Another ten years of Lollapalooza? An economic boon but a parent’s and environmentalist’s nightmare – Chicago Tribune
The Lightfoot administration is struggling to keep its big news a secret. Bally Chairman Soohyung Kim spoke about his successful bid for the Chicago casino ahead of the official press conference. And, on Thursday, Lollapalooza founder Perry Farrell told WGN’s Dean Richards that the Grant Park festival, which runs until Sunday, had already reached a long-term agreement with the town hall.
“The mayor gave us a 10-year extension in the park,” Farrell said. “So we’ll be here for another decade.”
The definitive nature of this likely off-the-cuff comment has no doubt caused heads to explode inside City Hall – given the likely lack of prior notification to all stakeholders – and C3 Presents, the company promoting actually the music festival, immediately began to push him back. .
At the end of the day, the deal done was variously flagged as a deal almost done, or a likely deal, or even a deal with a few hiccups still to be ironed out. But let’s say the odds of another decade of July’s bacchanalia look pretty darn good.
Is this a desirable thing for Chicago?
If you’re a concerned parent of a teen, or even a tween, you might not be partying, given the festival’s youthful target population and multi-day cost, fashion requirement tacit about wearing as little as possible, its party atmosphere, and its general ability to give parents tantrums.
We heard in our family rooms of stolen phones and wallets, torsos scratched by invasive bracelets, body parts leaving marks on other bodies, and various other sordid illnesses. The ER staff told us it was far from their favorite weekend of the year. Many parents get little or no sleep and spend much of their precious July weekend circling the exit and entry area in traffic jams, even as they try to extract their amplified offspring from the crowd.
Other critics of Lolla include those who deal with Grant Park.
“The Park District does not require these primary users of the park to repair the damage they cause to the park each year,” Leslie Recht, manager of the Grant Park Advisory Council, told us. Recht’s group lobbied to force developers to pay for better street and alley cleaning in and around Grant Park each Lolla Day “to reduce the amount of urine, defecation and vomiting around the park. “. The council is advocating for lower decibel levels (good luck with that) and also for the city to better monitor “all damage to Grant Park and ask Lolla to pay for all repair costs. This includes damage to streets, sidewalks, fountain table and tennis courts, and grass.
“Every year, many Lolla participants are taken to hospitals,” the group noted. “It is clear that there is a need for more proactive protection of Lolla participants, many of whom are young and vulnerable.”
Lolla is expected to be a traceless event, restoring the park to its former state and caring for all the youngsters (up to 400,000 entries) who frequent its big weekend. Many peer festivals are in rural areas where all of these things can be more easily controlled, Lolla is in the middle of downtown and very close to where a large number of Chicagoans live. The generally well-organized festival takes security seriously, but whatever long-term agreement is being worked out should ensure that promoters bear the full costs of returning the park to the public. Preferably in better shape than before.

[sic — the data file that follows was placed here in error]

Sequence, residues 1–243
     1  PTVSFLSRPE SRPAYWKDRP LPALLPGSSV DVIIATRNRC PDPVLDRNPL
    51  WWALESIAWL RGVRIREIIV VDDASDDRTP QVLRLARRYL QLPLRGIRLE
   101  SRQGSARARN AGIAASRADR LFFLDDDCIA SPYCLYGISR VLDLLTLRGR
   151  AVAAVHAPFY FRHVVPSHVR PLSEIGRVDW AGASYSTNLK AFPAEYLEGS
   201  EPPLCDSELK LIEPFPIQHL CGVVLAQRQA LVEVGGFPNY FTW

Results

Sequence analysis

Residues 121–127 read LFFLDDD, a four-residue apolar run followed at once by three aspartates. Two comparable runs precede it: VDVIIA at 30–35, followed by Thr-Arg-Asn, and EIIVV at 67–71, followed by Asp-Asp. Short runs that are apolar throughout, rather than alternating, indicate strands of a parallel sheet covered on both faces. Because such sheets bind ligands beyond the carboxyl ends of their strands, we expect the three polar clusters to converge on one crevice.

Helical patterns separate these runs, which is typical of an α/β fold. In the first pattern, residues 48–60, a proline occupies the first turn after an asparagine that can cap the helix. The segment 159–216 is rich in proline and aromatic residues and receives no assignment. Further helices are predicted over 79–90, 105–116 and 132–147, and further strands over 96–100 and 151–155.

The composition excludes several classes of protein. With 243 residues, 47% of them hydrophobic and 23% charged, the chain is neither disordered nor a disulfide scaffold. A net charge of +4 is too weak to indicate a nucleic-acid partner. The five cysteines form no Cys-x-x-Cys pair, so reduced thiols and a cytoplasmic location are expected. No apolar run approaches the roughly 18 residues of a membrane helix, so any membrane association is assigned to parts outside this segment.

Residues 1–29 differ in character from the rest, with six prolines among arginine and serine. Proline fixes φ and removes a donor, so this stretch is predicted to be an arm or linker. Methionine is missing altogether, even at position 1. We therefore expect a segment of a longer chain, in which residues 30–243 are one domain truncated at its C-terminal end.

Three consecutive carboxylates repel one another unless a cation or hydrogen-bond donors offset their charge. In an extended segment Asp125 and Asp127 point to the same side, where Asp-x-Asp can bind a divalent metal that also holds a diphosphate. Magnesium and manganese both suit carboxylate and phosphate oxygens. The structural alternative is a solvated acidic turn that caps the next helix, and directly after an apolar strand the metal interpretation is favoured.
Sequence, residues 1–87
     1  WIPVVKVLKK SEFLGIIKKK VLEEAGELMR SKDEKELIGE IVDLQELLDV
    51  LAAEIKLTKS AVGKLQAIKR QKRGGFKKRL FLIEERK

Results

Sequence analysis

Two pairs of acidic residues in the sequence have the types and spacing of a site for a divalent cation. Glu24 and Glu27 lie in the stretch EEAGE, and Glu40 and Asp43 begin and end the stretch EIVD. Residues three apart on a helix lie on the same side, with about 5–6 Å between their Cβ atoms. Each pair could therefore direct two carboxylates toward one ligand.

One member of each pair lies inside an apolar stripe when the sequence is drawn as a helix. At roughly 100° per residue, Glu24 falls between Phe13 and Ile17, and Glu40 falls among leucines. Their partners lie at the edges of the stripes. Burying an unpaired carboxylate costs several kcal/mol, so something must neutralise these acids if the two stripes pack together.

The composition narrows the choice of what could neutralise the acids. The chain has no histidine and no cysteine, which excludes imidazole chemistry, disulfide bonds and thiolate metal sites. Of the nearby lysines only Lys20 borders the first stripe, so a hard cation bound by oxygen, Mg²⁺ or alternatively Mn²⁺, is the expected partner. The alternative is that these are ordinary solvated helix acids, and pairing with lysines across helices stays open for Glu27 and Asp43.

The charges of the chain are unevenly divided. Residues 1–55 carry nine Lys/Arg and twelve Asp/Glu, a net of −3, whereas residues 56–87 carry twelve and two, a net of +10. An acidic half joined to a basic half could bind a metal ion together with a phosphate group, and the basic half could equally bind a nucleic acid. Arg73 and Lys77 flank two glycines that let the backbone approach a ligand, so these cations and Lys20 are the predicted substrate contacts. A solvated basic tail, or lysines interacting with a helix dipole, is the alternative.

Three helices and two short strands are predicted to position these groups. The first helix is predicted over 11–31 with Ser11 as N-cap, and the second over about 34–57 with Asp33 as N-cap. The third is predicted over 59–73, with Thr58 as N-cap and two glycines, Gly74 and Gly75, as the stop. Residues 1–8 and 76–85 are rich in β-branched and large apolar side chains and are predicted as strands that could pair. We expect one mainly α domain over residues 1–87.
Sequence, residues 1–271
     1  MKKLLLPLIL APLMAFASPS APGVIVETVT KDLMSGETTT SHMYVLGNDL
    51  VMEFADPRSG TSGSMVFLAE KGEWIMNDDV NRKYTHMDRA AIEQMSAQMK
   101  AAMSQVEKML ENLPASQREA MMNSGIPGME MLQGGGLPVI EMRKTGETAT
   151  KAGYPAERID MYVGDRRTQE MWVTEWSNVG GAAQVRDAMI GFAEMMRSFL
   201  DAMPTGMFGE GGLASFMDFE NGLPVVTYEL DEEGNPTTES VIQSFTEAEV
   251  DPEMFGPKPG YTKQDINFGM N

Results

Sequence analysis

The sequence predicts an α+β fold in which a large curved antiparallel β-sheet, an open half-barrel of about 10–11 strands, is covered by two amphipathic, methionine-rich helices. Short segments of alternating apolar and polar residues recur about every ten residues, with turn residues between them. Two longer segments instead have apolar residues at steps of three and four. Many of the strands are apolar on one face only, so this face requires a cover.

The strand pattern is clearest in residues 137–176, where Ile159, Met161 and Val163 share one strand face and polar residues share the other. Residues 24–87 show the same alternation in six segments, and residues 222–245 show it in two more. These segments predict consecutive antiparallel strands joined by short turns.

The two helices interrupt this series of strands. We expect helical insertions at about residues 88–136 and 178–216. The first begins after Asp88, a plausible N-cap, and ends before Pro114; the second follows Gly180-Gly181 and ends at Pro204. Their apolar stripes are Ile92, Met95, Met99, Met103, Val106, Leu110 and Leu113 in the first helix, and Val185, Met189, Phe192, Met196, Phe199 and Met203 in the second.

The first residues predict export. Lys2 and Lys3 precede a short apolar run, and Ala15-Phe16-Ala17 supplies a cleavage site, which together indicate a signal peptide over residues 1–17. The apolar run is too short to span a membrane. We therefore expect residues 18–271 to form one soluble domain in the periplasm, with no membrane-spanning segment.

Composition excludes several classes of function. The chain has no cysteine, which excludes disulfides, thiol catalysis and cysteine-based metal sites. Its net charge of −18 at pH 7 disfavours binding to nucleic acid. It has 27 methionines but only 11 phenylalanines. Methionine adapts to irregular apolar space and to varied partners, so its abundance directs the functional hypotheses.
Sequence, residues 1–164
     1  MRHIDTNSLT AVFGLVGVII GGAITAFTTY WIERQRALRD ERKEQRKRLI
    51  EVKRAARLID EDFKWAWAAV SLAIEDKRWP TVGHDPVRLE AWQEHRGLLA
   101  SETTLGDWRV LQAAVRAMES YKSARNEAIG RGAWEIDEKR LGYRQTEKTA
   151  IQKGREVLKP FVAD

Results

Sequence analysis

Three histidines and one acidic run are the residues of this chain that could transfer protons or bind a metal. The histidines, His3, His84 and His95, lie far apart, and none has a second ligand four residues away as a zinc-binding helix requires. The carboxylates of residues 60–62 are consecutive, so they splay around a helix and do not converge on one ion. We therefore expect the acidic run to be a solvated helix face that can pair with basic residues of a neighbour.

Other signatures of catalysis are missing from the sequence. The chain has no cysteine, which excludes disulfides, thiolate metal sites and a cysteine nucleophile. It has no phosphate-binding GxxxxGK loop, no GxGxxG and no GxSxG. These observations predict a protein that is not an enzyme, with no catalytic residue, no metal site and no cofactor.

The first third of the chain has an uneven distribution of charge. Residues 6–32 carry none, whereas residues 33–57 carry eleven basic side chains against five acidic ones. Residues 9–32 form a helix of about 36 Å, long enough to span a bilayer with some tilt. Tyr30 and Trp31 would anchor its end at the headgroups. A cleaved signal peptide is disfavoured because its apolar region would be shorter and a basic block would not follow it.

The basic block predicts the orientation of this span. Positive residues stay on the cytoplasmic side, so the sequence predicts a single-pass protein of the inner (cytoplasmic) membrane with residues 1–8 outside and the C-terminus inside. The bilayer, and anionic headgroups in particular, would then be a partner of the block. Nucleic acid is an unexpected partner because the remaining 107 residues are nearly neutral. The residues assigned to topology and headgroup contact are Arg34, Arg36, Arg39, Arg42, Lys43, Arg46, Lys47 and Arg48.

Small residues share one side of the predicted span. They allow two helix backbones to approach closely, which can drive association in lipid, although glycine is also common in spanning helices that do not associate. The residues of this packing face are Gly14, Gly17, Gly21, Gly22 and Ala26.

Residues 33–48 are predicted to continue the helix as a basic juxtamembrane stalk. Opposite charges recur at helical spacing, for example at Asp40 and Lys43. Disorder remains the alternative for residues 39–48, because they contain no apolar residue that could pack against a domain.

Downtown residents have had a lot going on lately. Besides all the crime issues, they were also recently told that their neighborhood would become a NASCAR track, which could lead to several days of street closures and other hassles for the benefit of a private company. All of these mega-events attract massive crowds and inevitable quality of life issues.
If Lolla is here for the long haul, C3 Presents had better start thinking more like the operator of a permanent facility (like Wrigley Field) than a promoter of temporary events. For all their flaws, the Ricketts family have made significant improvements to the Wrigleyville neighborhood, providing year-round family gathering space, a new hotel and restaurants, free neighborhood safety patrols, giveaways, and more. ways to thank people who deal with baseball fans for so many dates on the calendar.
Lightfoot should hold C3 accountable for some of these benefits for downtown residents, building on its existing support for arts education programs in the city. Several million dollars will flow to C3 over the next decade. The business needs a presence in neighborhood relations year-round, and it should be nice to people who care about Grant Park, which is, after all, the home of the festival.
The reason the city agrees to all of this, of course, is money. Lollapalooza has an economic impact of at least $300 million per year. That’s $3 billion, just at today’s prices, over 10 years. Lolla’s children eat out, shop, stay in hotels, shop at retail outlets, and pack buses, trains, and planes. Some of them stick around and frequent clubs and other events and festivals. Others decide they love Chicago so much they want to move here. After graduating from high school.
Chicago is grappling with hotel bankruptcies, declining business travel and the painful new reality that its lucrative convention business could take years to return, if it ever fully returns.
The city needs Lollapalooza more than the other way around. And, given all of our complaints and concerns about the lack of pedestrians on downtown streets, we’ve checked things out and encourage throngs of visitors to flock to Chicago this weekend.
But there is a price, paid mainly by the neighbors of the festival and the infrastructure of the park.
C3 and the Lightfoot administration need to do everything they can to improve this.
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